Since I have a sheperd’s weapon now and a sheperd’s instrument, I thought, well then I can go full sheperdess! Although it is very likely, I will never be able to get to a sheep-herd any time soon, in case I do get the chance, I already have the equipment! Yay!
News from medieval Vienna.
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I was fascinated by this “simple” technique. Although a woman would probably not have practiced slinging in medieval times, I really wanted to try it for myself, even if it may not be presentable in my all-day impression.
You can see slingshots in original pictures of shepherds or in use during the hunt ( here, a model with a stick attatched and here and here) and of course in pictures of David and Goliath (here and here and here and there and here). But also in military context. There are two types, one using only strings with a pocket attatched and one using an additional staff or stick which serves as an extension of the arm. The techniques for using them vary. You can find more on slinging pages on the web.
Here is my first reconstruction attempt. I used a pocket made of leather as can be seen in the Schleswig leather finds. The leather in the finds had been cut several times to allow bulging of the leather depending on the size of he stone. As strings I used linnen threads which I simply braided and tucked into a loop and a knot on the ends.
So, I’ll go find some nice pebbles in the Danube river and see if I am any talented 🙂
Edit: Thanks a lot to Singa Lu for sending me his collection of original sources showing slingshots!!
During vitalizations of open air museums, we often have the problem of missing tools for the every day tasks that are supposed to be the main occupation during vitalizations (as opposed to workshops, historical craft and shows). When showing every day life in historical houses, you need a lot of equipment that is often not provided by the museum itself.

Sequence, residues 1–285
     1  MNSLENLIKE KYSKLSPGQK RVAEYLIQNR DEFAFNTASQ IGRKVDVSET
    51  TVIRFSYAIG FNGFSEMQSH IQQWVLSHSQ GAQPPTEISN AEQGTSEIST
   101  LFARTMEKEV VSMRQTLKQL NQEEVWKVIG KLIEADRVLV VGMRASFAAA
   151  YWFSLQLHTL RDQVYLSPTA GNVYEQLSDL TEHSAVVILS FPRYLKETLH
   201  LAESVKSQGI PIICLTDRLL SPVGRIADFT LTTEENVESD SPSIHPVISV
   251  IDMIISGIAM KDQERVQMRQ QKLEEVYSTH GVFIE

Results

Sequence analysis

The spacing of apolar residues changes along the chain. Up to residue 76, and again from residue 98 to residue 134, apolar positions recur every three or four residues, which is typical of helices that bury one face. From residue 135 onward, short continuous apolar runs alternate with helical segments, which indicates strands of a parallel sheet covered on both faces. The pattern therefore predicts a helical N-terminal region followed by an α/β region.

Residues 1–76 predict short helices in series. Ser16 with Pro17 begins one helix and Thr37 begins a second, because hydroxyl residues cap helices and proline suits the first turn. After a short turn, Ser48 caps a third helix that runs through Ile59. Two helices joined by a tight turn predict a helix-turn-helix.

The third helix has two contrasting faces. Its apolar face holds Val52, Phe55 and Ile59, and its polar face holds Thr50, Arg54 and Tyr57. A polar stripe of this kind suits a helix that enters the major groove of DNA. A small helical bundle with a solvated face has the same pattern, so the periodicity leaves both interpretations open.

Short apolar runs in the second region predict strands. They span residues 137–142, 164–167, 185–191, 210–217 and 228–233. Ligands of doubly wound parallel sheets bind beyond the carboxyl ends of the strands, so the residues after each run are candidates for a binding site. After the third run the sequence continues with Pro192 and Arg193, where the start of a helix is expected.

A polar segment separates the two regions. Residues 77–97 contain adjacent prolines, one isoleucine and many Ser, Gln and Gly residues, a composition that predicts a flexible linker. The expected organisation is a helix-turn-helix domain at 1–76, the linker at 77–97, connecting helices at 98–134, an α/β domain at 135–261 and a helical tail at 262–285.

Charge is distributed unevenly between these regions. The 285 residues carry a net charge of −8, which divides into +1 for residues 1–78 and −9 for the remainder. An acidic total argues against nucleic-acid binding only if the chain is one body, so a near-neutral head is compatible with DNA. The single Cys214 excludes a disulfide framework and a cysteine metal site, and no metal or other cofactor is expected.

Butterchurns are one of these every day life tools.
Another one of our full ensembles for women, working clothes for a simple woman (Dyer) around 1340-50 in Vienna.
I just wanted to give you a little glimpse on a technique which is fairly new to me and which I am about to try out for the first time, filet knitting or netting.
Unfortunately I could not find a lot of information about the technique in its medieval form online. I was very impressed by this tutorial here from Via Nostra (Thanks a lot!), which uses the techniques described by Therese de Dillmont and Katrin Kania.
I asked my husband to film me while netting.
We would like to show you here the full ensemble of a craftswoman/silk embroiderer/citizen around 1340-1350. The outfit is quite conservative for the time and would also fit into earlier decades of the 14th century, the amount of fabrics used and the fashionable checker pattern of the suckenie though are a sign of the financial wealth of this woman.
What you see here:
made from madder-dyed wool-twill, handsewn with copper-alloy-needles from the London findings with madder-coloured wool-yarn. After different original pictures from Austria and Germany. around 1340-50, pattern after the Herjolfsnes-findings, simple style with no buttons, the chest is adorned with a copper-alloy-brooch. (more…)
As I previously announced, I am about to extend my winter-equipment and what I wanted for a long time already was a pair of mittens, that keep my hands warm and dry.
We would like to show you a full every-day ensemble for the wife of a well earning craftsman or Viennese citizen around 1350-60.
What you see here:
brazilwood coloured wool-twill and woad-dyed silk, after different original pictures from Austria and Germany around 1350-60, pattern constructed freely referencing the Moy Bog garment, 22 buttons in the technique of the London findings, sewn with wool and silk thread and brass needle after findings from London. More about it here and auch here
Posts 1 - 10 of 29